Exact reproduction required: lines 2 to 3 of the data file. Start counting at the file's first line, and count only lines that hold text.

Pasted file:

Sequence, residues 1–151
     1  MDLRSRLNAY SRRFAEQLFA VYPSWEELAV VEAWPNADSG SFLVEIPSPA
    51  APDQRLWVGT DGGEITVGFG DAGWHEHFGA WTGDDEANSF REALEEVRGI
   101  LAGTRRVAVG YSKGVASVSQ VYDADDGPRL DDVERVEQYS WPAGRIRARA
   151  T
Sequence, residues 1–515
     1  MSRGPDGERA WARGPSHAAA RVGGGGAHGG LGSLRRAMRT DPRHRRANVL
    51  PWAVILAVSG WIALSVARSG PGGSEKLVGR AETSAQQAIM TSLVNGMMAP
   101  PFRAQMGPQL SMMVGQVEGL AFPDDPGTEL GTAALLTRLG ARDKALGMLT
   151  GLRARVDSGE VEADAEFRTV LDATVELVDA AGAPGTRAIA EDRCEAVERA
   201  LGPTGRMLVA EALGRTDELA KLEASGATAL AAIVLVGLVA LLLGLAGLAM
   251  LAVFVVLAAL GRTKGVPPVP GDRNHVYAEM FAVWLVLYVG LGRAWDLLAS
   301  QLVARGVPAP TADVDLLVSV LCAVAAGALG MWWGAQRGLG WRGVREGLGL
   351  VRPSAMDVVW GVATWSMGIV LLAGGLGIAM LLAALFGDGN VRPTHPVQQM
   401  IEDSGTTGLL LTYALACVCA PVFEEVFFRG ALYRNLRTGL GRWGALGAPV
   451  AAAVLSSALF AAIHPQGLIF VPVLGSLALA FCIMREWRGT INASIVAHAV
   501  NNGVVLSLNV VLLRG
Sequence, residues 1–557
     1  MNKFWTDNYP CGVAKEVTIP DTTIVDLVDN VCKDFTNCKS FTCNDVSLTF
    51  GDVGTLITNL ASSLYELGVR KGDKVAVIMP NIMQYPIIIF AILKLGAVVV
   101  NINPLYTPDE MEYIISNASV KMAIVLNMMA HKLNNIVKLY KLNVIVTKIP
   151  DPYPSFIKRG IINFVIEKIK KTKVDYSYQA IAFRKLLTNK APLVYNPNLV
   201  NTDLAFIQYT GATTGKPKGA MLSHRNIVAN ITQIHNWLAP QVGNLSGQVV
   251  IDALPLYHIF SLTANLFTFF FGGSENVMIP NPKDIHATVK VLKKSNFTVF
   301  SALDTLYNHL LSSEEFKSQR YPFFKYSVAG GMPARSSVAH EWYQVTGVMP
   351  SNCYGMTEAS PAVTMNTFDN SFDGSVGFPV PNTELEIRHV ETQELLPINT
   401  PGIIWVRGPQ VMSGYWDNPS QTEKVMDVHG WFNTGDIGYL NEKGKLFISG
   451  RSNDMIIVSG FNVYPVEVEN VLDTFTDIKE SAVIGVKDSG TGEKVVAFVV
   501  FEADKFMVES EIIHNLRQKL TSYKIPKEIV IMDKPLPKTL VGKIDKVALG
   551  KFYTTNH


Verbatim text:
     1  MDLRSRLNAY SRRFAEQLFA VYPSWEELAV VEAWPNADSG SFLVEIPSPA
    51  APDQRLWVGT DGGEITVGFG DAGWHEHFGA WTGDDEANSF REALEEVRGI